Lord Filkin: I will certainly not make a joke about the powerful and strongly felt arguments advanced by the noble Lords, Lord Pearson and Lord Stoddart, on these issues. They are in part a debate about where the future of Europe negotiations are, where they are moving to and what might happen during the next year or so, by the time they come to a conclusion.

I understand why those concerns are raised. In a sense, they form a backdrop to issues of interest and concern, but this is a highly mobile and moving debate. There is a substantial amount of confusion and sometimes misinformation about what is or is not happening. Therefore, I do not intend to get into a detailed debate about what is happening on the future of Europe, although I have already given the signal that I am happy to talk about some of the matters with which I am involved, if that would be helpful. I have a very small part to play in some of the discussions on justice and home affairs. I will read what the noble Lords, Lord Stoddart and Lord Pearson, have said on this, and reflect on it to see whether anything needs a fuller response at a later stage.

Given where we are, the most helpful and straightforward response that I can make is relatively succinct. We are absolutely clear that we intend to designate individual countries and not the EU as a single entity. I will reflect on the question asked by the noble Lord, Lord Wedderburn of Charlton, but I cannot think of any good reason why anyone would think of designating the EU or an EU institution for the purposes of the process that we are discussing. I must reaffirm that the affirmative resolution of Parliament is sovereign in these respects. That is the decision of Parliament.

The best answer that I can give is that it is our view that it is not possible to designate the EU or an EU institution as a Part 1 territory or a Part 2 territory. It

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does not constitute a territory as required by Clause 1. That is the view of the Government on the issue. I am not seeking to be, in any sense, abrupt or flippant. I want to give our clear response to an important amendment.

7.30 p.m.

Lord Pearson of Rannoch: I am grateful to all noble Lords who have spoken, and I am glad to have been taken so seriously on this occasion. For many years, when the noble Lord, Lord Stoddart of Swindon, and I—and others—have risen to speak in the House on matters European, we were greeted with a groan. More recently, we have been greeted with a certain amount of jollity. On this occasion, I am grateful to the noble Lord, Lord Goodhart, for restricting his contribution to a wry smile.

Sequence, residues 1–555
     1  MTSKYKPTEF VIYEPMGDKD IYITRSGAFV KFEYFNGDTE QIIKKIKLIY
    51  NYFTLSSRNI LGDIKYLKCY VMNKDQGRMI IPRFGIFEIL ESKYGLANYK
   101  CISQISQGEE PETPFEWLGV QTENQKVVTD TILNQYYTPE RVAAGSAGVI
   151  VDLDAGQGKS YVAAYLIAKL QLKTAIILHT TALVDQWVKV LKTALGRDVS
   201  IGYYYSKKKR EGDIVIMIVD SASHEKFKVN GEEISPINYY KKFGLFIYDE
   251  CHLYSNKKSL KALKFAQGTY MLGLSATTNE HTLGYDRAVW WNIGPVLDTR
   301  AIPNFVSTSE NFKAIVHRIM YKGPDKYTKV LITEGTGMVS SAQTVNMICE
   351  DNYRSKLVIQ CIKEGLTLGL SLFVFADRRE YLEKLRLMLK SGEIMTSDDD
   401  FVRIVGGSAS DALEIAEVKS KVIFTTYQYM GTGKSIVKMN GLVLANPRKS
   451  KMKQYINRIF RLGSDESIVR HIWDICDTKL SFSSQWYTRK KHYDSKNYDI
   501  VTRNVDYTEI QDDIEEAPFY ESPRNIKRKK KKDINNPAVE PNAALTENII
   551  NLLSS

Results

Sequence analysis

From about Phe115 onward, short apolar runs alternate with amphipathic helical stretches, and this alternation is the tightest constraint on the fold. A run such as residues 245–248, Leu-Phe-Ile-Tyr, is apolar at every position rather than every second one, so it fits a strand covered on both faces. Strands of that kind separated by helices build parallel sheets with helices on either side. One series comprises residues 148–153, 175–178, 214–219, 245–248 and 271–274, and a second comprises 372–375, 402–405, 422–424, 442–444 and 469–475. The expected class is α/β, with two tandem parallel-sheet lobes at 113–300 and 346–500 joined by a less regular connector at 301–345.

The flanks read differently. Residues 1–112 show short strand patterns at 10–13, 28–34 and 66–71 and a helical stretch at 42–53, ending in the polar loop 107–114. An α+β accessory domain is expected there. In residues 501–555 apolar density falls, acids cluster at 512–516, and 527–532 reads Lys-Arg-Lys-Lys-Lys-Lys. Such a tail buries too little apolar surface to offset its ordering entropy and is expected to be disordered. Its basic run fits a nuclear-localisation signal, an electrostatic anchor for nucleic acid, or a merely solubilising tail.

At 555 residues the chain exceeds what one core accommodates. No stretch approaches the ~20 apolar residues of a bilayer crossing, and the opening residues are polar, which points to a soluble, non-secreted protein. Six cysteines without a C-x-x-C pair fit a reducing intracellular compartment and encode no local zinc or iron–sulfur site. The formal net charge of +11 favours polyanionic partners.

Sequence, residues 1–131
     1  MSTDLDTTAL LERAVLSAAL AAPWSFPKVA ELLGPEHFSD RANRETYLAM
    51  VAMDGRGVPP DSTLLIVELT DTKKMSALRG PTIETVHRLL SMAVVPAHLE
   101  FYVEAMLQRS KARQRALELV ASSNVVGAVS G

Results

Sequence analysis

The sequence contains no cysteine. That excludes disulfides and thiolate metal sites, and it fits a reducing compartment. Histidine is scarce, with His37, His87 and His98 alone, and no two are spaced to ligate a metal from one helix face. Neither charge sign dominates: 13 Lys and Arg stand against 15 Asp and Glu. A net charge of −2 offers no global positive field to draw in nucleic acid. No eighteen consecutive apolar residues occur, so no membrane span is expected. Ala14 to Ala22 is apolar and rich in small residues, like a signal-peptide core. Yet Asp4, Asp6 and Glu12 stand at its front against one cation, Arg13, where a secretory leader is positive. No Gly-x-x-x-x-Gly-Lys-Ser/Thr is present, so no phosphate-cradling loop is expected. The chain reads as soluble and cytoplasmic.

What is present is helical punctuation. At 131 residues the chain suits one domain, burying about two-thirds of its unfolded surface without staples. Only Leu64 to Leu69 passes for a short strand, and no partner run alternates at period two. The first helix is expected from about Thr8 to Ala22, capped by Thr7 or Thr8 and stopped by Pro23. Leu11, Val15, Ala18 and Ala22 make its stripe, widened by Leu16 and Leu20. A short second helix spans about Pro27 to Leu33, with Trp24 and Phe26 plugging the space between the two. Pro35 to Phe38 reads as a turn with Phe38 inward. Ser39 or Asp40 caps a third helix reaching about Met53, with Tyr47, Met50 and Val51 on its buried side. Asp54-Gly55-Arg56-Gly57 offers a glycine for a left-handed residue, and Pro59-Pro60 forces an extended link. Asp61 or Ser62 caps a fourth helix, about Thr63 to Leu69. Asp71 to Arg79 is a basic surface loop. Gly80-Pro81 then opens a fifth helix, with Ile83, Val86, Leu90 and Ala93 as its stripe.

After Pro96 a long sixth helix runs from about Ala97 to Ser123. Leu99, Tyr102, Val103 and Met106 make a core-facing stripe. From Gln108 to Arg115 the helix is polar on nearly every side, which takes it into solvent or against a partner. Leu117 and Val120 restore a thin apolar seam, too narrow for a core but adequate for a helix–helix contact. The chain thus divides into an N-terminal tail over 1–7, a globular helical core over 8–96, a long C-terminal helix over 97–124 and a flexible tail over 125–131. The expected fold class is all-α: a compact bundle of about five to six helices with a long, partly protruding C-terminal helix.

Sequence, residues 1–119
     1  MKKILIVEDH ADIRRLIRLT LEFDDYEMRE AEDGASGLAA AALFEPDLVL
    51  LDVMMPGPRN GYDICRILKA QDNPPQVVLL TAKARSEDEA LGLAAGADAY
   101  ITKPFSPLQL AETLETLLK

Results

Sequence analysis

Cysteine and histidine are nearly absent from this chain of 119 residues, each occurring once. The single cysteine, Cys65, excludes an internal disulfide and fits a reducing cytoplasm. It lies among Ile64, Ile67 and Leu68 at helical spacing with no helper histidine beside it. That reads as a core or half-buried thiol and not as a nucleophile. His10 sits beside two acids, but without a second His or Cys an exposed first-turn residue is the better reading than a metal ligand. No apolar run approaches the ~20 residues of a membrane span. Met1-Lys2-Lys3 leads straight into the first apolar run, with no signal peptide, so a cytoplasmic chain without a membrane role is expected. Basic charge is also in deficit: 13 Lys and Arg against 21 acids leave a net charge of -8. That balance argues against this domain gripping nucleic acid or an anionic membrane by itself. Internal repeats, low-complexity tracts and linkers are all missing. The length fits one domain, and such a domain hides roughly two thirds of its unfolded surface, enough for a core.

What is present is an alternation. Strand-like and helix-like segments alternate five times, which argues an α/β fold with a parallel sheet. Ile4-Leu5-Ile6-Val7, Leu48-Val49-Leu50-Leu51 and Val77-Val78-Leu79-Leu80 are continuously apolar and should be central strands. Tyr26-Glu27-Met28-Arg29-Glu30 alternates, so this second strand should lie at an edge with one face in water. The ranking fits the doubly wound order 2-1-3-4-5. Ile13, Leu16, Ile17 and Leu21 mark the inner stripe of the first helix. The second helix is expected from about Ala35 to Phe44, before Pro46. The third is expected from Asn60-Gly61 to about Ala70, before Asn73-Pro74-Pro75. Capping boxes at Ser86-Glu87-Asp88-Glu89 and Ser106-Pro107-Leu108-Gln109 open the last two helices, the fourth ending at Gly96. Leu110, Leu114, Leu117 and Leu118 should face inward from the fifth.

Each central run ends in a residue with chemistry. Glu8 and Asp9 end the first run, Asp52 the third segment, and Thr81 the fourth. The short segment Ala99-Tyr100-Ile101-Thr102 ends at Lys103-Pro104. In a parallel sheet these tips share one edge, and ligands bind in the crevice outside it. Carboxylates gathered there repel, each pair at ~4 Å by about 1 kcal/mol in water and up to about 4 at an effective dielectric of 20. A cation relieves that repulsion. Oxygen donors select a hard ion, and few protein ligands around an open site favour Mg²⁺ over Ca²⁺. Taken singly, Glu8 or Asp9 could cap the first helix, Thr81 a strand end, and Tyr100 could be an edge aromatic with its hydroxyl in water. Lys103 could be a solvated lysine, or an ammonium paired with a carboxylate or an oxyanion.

I am grateful to my noble friend Lady Anelay of St Johns and others who supported the amendment. To the question put by the noble Lord, Lord Wedderburn of Charlton, and answered, to some extent, by the Minister, I answer that I accept, of course, that, under the wording of the British Bill which we are considering, it might not be possible to designate the EU or an institution of the EU because they do not constitute territories. My worry, which I trust that the noble Lord will consider—we may discuss it more briefly at a future date—is whether the EU could designate itself and put itself into the position that I have indicated, if it is given the powers that the draft constitution envisages for it. However, as the noble Lord indicated, that is all to be decided at a future intergovernmental conference, and the eventual discussions which we will have in the House on the Bill which emerges from that.

The amendment remains pertinent to a consideration of the Bill. I am grateful to all noble Lords who have spoken, and I beg leave to withdraw the amendment.

Amendment, by leave, withdrawn.

Clause 1 agreed to.

Baroness Crawley: I think that this may be a convenient moment for the Committee to adjourn until Monday at 3.30 p.m.

        The Committee adjourned at twenty-seven minutes before eight o'clock.